Here you will find the Long Poem Wishes To His (Supposed) Mistress of poet Richard Crashaw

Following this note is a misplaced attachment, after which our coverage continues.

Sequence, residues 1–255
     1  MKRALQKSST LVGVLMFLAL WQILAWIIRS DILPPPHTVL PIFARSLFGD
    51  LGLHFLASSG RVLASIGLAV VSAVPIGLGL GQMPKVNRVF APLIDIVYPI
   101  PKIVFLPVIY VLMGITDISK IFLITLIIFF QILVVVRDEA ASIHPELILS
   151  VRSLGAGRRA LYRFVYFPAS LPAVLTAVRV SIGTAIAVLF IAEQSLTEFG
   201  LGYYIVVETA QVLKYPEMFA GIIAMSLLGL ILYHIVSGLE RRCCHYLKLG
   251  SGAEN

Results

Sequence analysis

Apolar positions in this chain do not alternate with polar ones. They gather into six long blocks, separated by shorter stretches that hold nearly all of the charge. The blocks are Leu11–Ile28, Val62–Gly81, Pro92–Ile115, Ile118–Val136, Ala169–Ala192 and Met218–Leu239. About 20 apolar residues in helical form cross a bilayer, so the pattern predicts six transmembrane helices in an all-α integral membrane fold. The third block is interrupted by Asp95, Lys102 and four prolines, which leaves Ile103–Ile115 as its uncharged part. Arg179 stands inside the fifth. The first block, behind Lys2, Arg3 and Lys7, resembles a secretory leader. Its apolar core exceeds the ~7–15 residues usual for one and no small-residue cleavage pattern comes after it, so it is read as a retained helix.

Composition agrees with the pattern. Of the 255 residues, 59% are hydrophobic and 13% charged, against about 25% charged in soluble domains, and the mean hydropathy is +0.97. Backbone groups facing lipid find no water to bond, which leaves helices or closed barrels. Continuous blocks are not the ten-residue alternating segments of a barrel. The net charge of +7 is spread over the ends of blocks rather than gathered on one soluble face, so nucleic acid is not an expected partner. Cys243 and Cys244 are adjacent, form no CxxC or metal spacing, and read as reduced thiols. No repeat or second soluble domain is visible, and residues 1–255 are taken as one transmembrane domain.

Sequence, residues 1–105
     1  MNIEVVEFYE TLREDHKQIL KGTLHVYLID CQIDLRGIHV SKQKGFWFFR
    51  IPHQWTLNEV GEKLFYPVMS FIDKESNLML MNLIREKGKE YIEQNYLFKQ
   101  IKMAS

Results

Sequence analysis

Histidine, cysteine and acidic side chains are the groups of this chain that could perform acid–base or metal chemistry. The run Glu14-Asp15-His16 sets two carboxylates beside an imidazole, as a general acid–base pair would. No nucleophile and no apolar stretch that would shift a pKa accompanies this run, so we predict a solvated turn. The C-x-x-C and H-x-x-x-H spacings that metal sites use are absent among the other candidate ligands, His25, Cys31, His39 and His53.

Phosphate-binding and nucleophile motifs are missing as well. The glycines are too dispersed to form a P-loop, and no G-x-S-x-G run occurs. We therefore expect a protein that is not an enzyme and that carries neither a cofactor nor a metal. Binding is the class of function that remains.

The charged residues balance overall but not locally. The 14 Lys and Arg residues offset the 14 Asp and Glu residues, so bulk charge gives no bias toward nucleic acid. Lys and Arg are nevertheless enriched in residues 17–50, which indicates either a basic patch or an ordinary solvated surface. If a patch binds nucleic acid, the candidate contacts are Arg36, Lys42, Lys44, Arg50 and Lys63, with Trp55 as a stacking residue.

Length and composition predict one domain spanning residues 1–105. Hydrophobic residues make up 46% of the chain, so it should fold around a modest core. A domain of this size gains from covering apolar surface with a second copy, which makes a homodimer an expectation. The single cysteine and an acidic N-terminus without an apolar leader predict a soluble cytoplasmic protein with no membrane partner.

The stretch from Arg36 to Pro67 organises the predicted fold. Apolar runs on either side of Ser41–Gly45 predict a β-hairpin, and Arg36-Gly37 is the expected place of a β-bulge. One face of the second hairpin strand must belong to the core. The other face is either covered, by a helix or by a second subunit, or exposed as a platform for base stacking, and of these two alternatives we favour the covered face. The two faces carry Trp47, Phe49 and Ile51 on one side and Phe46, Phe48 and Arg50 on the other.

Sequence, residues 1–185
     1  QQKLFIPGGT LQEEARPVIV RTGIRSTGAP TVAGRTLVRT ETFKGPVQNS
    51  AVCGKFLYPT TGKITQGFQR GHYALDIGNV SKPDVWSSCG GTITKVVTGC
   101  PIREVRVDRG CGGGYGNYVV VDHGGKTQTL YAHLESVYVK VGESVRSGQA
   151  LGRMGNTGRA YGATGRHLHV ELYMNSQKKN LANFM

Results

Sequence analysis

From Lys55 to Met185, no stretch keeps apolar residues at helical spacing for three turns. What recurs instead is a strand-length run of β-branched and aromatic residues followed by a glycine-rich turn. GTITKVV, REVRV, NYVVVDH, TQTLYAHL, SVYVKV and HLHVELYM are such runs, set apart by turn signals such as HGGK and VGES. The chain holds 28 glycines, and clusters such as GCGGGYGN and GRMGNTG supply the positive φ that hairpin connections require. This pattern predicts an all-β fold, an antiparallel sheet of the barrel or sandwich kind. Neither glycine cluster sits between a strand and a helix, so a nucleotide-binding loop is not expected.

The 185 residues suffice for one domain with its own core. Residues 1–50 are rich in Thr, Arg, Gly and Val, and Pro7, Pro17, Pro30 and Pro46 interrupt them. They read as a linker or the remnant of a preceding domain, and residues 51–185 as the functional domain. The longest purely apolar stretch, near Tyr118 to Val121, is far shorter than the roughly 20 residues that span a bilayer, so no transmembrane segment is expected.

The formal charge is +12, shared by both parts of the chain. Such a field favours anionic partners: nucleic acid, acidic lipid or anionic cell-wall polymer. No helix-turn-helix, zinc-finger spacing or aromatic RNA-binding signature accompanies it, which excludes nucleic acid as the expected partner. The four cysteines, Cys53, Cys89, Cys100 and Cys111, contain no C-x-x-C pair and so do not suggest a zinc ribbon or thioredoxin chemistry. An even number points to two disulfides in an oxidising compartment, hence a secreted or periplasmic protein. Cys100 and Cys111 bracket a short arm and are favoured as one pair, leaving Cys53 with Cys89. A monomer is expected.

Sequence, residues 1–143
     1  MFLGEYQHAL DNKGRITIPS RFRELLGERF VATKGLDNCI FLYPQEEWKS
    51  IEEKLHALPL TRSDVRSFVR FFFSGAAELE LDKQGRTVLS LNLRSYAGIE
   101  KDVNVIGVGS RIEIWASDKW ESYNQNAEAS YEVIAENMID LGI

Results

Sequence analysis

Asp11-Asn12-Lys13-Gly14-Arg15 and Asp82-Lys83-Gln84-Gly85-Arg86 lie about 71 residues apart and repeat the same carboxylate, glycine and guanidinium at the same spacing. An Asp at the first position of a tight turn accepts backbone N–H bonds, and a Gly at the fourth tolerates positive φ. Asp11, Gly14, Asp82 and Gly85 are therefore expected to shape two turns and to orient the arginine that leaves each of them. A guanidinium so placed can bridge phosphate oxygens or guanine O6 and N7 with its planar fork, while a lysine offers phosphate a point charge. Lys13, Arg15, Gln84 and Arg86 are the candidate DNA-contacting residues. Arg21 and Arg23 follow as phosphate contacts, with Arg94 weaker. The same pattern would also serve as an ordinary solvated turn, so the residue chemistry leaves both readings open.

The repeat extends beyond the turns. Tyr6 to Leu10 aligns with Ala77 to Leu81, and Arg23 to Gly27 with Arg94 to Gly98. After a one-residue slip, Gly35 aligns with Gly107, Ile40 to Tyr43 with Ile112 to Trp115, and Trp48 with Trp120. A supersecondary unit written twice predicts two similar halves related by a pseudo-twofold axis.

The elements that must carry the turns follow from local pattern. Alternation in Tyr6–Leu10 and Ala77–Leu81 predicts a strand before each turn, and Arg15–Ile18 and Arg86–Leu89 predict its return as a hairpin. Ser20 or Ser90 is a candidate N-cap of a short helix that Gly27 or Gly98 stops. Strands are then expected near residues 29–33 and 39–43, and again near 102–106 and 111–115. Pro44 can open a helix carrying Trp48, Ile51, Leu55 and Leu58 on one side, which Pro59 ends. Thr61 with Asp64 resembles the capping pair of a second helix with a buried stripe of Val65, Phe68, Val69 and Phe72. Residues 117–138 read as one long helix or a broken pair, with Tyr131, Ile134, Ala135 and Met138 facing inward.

Whoe'er she be, That not impossible she That shall command my heart and me; Where'er she lie, Locked up from mortal eye In shady leaves of destiny: Till that ripe birth Of studied fate stand forth, And teach her fair steps to our earth; Till that divine Idea take a shrine Of crystal flesh, through which to shine: Meet you her, my wishes, Bespeak her to my blisses, And be ye called my absent kisses. I wish her beauty, That owes not all its duty To gaudy tire, or glist'ring shoe-tie; Something more than Taffata or tissue can, Or rampant feather, or rich fan; More than the spoil Of shop, or silkworm's toil, Or a bought blush, or a set smile. A face that's best By its own beauty drest, And can alone commend the rest: A face made up Out of no other shop Than what nature's white hand sets ope. A cheek where youth And blood with pen of truth Write what the reader sweetly ru'th. A cheek where grows More than a morning rose, Which to no box his being owes. Lips, where all day A lovers kiss may play, Yet carry nothing thence away. Looks that oppress Their richest tires, but dress And clothe their simplest nakedness. Eyes, that displaces The neighbour diamond, and outfaces That sunshine by their own sweet graces. Tresses, that wear Jewels, but to declare How much themselves more precious are; Whose native ray Can tame the wanton day Of gems that in their bright shades play. Each ruby there, Or pearl that dare appear, Be its own blush, be its own tear. A well-tamed heart, For whose more noble smart Love may be long choosing a dart. Eyes, that bestow Full quivers on Love's bow, Yet pay less arrows than they owe. Smiles, that can warm The blood, yet teach a charm, That chastity shall take no harm. Blushes, that bin The burnish of no sin, Nor flames of aught too hot within. Joyes, that confess Virtue their mistress, And have no other head to dress. Fears, fond and flight As the coy bride's when night First does the longing lover right. Tears, quickly fled And vain as those are shed For a dying maidenhead. Days, that need borrow No part of their good morrow From a forspent night of sorrow. Days, that, in spite Of darkness, by the light Of a clear mind are day all night. Nights, sweet as they, Made short by lovers' play, Yet long by th' absence of the day. Life, that dares send A challenge to its end, And when it comes say Welcome Friend. Sydneian showers Of sweet discourse, whose powers Can crown old winter's head with flowers. Soft silken hours, Open suns, shady bowers 'Bove all; nothing within that lours. Whate'er delight Can make day's forehead bright, Or give down to the wings of night. In her whole frame Have nature all the name, Art and ornament the shame. Her flattery Picture and poesy, Her counsel her own virtue be. I wish her store Of worth may leave her poor Of wishes; and I wish—no more. Now, if Time knows That Her, whose radiant brows Weave them a garland of my vows; Her, whose just bays My future hopes can raise, A trophy to her present praise; Her, that dares be What these lines wish to see: I seek no further, it is she. 'Tis she, and here Lo! I unclothe and clear My wishes' cloudy character. May she enjoy it, Whose merit dare apply it, But modesty dares still deny it! Such worth as this is Shall fix my flying wishes, And determine them to kisses. Let her full glory, My fancies, fly before ye; Be ye my fictions, but her story.